Archive for May, 2014

Traveling with sore feet: Part II

Monday, May 12th, 2014

Diane is blogging from France about the mindfulness of traveling—especially with limited mobility. Here’s her latest post, with tips that apply to everyday life:

Don’t go with the flow. This is a strange thing to say on a cruise, yet to experience fully the pleasures of this trip down the Seine River, I need to resist my natural inclinations to keep going beyond my physical limitations. Here’s what I’ve learned…

Rest when you’re tired. This is the second day we’ve bypassed the opportunity to visit the Musee de l’Orangerie, a gorgeous Monet museum, in favor of lounging around the hotel (yesterday) and the boat (today). I’ve opted for rest.

Focus on what’s directly in front of you rather than what you’re missing. Having decided to skip the museum, I now watch Parisians frolic with their dogs in the park on the other side of the river. Five dogs of varying sizes chase one another back and forth as their owners sit on the ground and watch them play. Do these locals know one another—friends who are out running together—or have they become acquainted by virtue of their pets? Tails wag so exuberantly. Dogs run excitedly after balls. A new dog arrives and tugs at the owner, as if to say, “Oh, please let’s stop and play.”

Don’t worry about what others think. “What did you do today?” other guests on the cruise inevitably ask. “I watched some dogs frolic in a park” feels like an inadequate answer as others recite the list of sites visited and tours taken. Yet at this moment, as I observe people doing ordinary things, an unexpected happiness overtakes me.

Evaluate how you’re doing. Guidebooks list the top ten attractions of Paris, the  “don’t miss” sites. It’s hard to ignore such recommendations, yet my intention, in honoring my physical limitations, has been to set my own pace and focus on a few things.

So now it’s time to do that—minding the mystique of Mona Lisa at the Louvre, whiling away time near the weeping willows of Monet’s garden at Giverny, contemplating the courage of the soldiers who landed at Normandy Beach. Unless, of course, I resist the flow of even my own plans and stay grounded just where I  am.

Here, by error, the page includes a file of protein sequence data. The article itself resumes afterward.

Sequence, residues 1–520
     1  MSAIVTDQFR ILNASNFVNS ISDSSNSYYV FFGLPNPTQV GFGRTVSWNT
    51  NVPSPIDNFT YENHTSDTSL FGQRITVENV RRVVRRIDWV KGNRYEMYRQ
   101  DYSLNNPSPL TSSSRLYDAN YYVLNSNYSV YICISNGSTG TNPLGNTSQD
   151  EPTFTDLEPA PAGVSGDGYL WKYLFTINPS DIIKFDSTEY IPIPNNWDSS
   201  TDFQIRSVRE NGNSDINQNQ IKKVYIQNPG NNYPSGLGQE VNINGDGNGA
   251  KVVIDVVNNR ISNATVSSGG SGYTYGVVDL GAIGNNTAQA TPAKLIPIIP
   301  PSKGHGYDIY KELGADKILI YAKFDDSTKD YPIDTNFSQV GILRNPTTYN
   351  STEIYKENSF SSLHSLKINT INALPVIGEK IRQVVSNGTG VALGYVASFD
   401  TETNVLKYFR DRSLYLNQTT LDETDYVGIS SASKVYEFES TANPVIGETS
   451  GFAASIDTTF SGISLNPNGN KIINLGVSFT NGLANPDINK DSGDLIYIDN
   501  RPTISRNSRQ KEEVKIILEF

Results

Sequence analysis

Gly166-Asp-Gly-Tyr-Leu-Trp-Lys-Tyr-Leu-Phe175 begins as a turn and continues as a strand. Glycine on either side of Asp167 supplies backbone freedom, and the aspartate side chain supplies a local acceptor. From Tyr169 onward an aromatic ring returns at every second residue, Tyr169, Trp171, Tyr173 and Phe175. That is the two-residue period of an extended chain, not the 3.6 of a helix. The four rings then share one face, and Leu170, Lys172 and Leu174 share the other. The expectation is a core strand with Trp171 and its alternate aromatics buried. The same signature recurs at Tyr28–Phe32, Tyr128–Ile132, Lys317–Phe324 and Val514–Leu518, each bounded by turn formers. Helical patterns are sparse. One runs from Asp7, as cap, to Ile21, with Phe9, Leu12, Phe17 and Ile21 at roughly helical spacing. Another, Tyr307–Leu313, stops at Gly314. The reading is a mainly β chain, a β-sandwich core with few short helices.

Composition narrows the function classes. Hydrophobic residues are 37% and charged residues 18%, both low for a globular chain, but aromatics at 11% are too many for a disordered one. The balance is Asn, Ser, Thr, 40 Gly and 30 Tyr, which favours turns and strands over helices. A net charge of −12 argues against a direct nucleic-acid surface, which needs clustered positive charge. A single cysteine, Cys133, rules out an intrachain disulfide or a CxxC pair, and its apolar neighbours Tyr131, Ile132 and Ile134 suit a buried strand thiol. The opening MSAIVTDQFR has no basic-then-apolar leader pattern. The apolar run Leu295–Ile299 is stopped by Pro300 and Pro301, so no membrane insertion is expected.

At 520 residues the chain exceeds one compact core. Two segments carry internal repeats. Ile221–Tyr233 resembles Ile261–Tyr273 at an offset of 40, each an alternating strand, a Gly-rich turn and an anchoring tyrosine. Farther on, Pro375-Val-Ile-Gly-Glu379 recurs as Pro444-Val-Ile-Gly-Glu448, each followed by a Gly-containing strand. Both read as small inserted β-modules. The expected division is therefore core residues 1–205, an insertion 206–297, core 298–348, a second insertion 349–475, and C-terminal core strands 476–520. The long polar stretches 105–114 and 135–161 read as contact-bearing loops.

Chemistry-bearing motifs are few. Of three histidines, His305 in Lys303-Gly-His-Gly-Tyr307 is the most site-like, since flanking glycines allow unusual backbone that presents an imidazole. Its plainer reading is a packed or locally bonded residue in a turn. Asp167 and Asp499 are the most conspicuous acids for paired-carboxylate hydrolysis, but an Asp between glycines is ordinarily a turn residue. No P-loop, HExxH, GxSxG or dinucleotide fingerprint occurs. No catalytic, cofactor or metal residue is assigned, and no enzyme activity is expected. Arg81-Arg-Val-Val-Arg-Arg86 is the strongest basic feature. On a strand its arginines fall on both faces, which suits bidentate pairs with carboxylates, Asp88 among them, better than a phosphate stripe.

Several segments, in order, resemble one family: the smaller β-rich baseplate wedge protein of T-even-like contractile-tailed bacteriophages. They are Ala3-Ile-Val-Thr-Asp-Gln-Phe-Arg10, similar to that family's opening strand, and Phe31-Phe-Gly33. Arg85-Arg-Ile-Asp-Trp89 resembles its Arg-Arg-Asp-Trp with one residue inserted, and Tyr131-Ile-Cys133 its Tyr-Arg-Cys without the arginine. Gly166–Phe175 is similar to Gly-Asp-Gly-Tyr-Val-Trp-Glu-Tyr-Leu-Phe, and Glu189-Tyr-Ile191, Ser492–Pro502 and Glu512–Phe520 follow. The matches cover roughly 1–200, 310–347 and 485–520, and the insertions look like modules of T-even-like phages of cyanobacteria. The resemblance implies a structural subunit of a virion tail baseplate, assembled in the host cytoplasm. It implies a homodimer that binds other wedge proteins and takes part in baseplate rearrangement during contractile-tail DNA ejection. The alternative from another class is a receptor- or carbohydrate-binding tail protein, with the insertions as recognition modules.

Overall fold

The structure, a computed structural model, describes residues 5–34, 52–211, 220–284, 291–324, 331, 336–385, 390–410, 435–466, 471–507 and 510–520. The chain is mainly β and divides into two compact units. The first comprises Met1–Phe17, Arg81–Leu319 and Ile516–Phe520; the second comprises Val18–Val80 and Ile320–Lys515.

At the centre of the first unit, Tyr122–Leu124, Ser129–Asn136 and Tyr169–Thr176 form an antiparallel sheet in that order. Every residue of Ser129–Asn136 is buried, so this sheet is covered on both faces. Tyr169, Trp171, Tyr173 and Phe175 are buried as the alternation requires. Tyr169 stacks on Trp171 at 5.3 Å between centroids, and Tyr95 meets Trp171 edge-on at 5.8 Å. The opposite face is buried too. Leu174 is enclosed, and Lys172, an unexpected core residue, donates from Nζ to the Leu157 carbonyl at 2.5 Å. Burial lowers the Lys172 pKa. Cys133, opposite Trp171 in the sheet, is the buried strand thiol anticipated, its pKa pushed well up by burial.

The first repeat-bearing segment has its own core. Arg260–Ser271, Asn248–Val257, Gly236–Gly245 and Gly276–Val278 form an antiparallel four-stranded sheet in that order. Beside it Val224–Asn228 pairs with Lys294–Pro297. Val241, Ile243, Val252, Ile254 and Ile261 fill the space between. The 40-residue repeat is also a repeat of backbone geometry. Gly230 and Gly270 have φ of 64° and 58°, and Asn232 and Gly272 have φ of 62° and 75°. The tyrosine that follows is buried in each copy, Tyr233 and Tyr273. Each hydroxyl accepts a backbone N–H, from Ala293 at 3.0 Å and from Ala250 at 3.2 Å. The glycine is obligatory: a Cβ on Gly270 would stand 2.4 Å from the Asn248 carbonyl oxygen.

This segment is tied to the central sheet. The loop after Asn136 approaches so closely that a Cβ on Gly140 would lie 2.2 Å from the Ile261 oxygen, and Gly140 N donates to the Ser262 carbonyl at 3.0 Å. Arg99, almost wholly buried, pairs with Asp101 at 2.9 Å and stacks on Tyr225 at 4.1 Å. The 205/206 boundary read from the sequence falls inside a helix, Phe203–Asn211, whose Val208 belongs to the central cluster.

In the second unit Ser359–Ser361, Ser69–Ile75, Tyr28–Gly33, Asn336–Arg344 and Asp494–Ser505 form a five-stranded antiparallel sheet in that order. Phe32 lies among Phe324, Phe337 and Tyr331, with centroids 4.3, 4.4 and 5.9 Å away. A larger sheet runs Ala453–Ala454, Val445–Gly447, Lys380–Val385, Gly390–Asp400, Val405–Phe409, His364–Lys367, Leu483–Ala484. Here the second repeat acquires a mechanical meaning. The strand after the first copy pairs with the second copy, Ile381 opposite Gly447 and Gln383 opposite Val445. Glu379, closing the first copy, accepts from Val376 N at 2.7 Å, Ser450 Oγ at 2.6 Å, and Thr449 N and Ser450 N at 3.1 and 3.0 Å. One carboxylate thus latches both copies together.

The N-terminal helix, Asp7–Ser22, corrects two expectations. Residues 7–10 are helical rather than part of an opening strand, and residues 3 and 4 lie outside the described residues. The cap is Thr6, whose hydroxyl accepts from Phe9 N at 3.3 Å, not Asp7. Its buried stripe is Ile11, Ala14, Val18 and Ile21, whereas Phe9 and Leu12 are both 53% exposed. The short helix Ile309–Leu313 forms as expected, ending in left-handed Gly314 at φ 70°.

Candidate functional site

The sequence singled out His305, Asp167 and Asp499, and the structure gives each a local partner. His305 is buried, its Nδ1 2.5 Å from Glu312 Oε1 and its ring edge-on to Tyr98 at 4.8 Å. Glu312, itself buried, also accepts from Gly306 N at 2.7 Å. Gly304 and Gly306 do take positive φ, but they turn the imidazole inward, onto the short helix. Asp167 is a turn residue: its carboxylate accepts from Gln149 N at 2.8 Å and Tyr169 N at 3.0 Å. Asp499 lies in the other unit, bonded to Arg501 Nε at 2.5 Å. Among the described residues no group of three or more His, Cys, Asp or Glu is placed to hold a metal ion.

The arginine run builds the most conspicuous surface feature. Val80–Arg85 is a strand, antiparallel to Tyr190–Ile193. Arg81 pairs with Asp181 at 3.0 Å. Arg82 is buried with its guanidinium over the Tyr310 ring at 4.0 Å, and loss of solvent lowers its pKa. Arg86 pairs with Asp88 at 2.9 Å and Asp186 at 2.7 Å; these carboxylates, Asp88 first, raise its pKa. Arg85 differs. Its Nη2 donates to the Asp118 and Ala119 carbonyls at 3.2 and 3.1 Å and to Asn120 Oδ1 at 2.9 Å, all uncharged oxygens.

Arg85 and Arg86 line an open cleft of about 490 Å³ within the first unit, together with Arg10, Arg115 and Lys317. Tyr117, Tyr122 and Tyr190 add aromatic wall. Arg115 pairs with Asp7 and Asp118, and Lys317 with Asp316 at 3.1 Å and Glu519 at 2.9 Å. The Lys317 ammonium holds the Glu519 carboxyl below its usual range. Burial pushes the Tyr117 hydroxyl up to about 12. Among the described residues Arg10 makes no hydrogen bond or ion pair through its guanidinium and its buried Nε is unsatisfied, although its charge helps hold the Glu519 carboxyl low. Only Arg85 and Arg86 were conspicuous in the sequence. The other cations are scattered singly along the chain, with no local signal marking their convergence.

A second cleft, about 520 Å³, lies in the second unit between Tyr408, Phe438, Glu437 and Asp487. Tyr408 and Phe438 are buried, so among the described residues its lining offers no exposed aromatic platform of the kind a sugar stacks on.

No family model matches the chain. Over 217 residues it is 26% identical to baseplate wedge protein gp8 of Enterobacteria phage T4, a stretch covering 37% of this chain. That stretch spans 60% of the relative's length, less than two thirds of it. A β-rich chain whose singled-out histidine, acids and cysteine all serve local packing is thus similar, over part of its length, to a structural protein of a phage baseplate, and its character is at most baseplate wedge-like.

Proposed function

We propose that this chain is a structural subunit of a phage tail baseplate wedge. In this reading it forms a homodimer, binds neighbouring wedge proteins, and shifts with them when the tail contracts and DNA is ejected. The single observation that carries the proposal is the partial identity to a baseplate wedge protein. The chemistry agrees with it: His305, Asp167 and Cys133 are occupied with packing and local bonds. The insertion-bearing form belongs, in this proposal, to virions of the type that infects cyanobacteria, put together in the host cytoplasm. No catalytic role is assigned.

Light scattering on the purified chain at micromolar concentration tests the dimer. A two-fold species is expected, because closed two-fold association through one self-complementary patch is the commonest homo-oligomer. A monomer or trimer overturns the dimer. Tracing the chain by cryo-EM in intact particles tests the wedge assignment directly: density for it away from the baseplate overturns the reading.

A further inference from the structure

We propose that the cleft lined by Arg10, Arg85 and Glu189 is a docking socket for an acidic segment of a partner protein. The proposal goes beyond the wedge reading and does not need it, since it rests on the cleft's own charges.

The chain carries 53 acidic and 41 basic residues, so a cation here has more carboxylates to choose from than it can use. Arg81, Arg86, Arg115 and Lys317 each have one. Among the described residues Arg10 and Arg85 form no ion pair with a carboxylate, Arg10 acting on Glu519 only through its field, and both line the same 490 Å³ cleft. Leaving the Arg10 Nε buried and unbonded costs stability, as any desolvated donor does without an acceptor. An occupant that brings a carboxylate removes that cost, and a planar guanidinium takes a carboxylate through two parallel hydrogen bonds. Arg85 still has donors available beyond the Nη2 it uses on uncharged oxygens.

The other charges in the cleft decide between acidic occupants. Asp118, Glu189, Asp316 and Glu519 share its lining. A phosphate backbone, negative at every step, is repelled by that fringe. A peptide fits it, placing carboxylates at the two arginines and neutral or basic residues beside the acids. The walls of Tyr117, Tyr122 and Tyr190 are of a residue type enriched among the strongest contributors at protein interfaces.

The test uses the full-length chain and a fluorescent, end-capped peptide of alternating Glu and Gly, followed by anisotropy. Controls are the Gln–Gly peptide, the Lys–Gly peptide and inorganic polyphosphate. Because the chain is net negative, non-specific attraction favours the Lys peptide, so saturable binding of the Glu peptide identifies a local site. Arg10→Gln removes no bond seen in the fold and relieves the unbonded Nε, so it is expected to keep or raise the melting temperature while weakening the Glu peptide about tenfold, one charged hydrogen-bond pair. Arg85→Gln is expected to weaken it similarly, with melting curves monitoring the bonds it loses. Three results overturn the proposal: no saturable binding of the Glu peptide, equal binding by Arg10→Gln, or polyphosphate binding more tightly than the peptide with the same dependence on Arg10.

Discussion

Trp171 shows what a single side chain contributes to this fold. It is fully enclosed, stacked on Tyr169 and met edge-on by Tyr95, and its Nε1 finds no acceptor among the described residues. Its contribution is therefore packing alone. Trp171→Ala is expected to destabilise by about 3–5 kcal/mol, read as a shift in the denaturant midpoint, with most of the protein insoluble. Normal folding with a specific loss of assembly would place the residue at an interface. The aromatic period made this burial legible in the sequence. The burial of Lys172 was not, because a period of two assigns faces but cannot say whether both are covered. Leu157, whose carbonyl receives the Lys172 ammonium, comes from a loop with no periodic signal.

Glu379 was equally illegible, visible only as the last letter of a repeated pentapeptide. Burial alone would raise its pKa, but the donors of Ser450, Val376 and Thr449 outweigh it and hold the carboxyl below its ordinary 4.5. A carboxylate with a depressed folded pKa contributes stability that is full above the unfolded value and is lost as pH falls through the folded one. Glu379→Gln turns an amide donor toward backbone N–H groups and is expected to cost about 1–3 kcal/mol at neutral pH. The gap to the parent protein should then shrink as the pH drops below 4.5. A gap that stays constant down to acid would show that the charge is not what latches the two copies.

Traveling with sore feet

Thursday, May 8th, 2014

Diane is blogging from France about the mindfulness of traveling—especially with limited mobility. Here’s her latest post:

Paris is easy on the soul, not so much on the sole. It offers many allures and diversions, most reachable through long walks and not particularly accessible by public transportation. Get to your destination, and long admission lines await.

Yet in our three days, soul and sole have aligned. Foregoing the two-and-a-half-hour tour of the Notre Dame Cathedral, I chose instead to  meditate in the cavernous, relatively quiet space. Then, discovering a beautiful 13th-century Mary and child, I gazed with wonder at her wise, gentle face and a baby Jesus appearing to be discovering his hands for the first time.

When lines wound around too many curves at the Musee de l’Orangerie, we instead joined thousands of Parisians sunning themselves at a nearby reflecting pool and fountain. As Jeff went off to buy ice cream, I found one chair and began the search for another. An elderly woman carried one over to me.  Was it that apparent my feet hurt?

Parisians have been consistently gracious—running after us to return a dropped tour guide, offering seats on buses and speaking English without hesitation after our awkward attempts at French.

What have I learned so far about traveling through the day with my nerve-impaired feet?

Give your curious mind something to feast on that doesn’t always require moving about.

Indulge your eyes, ears and nose wherever you may be.

Surrender to what is pleasant and easy.

Vacationing doesn’t have to be hard work. Use your common sense, which I neglected to do when walking to the Latin Quarter last night for dinner. As Jeff continues to say, “Now remember, we have to walk back!”

Tomorrow we move to a boat that will take us up the Seine—more opportunities to cultivate soul and care for soles.